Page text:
The Center draws upon the expertise of a wide range of investigators with complementary interests in diabetes, obesity, inflammation, lipid metabolism and atherosclerosis. Members of the Center’s faculty conduct both basic research to clarify the mechanisms causing diabetes and obesity and their consequences, and translational research to transform their research findings into clinical solutions.
Two-thirds of the adult U.S. population is overweight and one-half of those individuals – one-third of the adult population – are obese. The prevalence of type 2 diabetes (formerly known as “adult-onset”) has also increased markedly in recent decades not only among adults, but in children as well. Although type 1 diabetes is less common, it is a potentially devastating disorder affecting both children and adults and, while treatments for both types of diabetes exist, neither is curable and effective treatments for obesity have yet to be developed.
Much of the good we accomplish is made possible by private support: by people and organizations underwriting leading-edge research and providing funding to train promising fellows. With your help, the DOCE is improving lives throughout the Northwest and around the world.
DOCE Director Michael W. Schwartz, MD (MTE) is senior author of a paper published in the Journal of Clinical Investigation that presents the first evidence of structural change in the brain in both rodents and humans associated with diet-induced obesity. DOCE researcher Dr. Josh Thaler, MD, PhD, (MTE), is the first author on the paper entitled ʽObesity Is Associated with Hypothalamic Injury in Rodents and Humansʼ which was published in the January 3rd issue.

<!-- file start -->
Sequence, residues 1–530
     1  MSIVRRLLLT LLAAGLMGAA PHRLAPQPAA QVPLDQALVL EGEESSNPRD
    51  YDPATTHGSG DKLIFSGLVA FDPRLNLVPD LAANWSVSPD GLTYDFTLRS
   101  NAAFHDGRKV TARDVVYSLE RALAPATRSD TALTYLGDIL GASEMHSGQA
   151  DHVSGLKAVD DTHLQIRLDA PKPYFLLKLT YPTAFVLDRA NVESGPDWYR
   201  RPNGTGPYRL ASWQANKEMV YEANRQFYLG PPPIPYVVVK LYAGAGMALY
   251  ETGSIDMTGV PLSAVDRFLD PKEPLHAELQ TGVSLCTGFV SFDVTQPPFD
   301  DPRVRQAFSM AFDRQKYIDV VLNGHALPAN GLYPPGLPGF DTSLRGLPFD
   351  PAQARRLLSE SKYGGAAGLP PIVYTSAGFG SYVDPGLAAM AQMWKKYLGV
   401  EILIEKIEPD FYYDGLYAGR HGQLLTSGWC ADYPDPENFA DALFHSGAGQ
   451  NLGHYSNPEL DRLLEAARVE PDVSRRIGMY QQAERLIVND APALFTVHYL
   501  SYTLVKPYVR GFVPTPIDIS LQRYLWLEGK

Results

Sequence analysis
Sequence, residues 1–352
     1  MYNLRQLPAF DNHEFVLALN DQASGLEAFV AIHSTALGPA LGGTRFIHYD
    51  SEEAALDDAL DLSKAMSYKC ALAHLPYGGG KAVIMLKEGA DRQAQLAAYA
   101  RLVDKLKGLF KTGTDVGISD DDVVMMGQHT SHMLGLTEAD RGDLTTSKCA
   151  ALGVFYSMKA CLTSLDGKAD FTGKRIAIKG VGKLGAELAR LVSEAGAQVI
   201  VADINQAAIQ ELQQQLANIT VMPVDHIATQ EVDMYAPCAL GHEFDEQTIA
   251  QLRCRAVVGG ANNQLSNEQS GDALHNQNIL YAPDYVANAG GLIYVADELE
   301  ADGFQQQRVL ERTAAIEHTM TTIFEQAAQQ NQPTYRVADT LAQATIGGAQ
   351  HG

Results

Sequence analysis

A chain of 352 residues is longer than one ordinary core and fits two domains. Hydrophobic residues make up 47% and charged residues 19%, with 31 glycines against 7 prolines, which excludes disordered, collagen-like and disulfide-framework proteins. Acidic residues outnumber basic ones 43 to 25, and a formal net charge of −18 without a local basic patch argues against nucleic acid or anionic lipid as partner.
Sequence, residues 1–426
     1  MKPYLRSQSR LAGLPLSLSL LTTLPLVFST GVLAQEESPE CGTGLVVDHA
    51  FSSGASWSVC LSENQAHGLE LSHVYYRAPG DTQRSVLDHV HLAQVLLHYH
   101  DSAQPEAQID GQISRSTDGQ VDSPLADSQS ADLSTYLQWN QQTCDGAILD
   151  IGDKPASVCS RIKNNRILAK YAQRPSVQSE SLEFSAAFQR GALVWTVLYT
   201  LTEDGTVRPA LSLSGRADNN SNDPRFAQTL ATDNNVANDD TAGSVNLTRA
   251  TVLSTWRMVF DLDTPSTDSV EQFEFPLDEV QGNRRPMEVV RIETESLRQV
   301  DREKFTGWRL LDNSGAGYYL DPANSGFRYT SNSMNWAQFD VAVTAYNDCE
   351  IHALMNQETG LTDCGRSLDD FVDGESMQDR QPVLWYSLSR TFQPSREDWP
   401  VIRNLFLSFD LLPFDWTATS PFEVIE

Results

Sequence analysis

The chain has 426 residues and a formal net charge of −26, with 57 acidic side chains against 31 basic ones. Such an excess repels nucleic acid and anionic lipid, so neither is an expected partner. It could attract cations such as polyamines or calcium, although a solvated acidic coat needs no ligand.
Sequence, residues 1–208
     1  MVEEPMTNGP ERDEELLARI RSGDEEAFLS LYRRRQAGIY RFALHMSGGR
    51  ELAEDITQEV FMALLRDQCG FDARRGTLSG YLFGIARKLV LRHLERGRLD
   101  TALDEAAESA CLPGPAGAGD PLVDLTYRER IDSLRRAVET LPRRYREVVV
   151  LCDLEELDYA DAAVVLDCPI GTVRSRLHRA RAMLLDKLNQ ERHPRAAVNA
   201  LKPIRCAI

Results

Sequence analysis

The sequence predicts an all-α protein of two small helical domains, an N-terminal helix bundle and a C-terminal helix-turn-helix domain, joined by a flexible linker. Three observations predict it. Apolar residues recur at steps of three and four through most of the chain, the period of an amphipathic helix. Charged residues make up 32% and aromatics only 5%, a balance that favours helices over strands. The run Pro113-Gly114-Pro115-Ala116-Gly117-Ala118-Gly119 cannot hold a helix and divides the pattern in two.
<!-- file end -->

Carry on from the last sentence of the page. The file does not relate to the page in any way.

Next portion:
Dr. Jay Heinecke, MD (MTE) has been awarded an NIH/NHLBI R01 for his project entitled “Quantitative Assessment of HDL Function”. The goal of the research is to identify proteins that alter HDL’s function and are selectively enriched or depleted in subjects at risk for CVD.
Dr. Savitha Subramanian, MD (MTE) is the recipient of a University of Washington Royalty Research Fund Award for her project titled “Role of hepatic macrophages in obesity”. This project will explore the changes in the liver immune microenvironment in the setting of chronic caloric excess using animal models and cell culture. Dr. Subramanian is an Assistant Professor of Medicine in the Division of Metabolism, Endocrinology and Nutrition.
Dr. Alan Chait, professor and head of the division of Metabolism, Endocrinology and Nutrition, has been selected as the 2013 Western Society of Clinical Investigation (WSCI) Mayo Soley Award winner. The Mayo Soley award is given to a “senior investigator in recognition of lifetime achievement in the area of scientific endeavor and training of junior investigators.”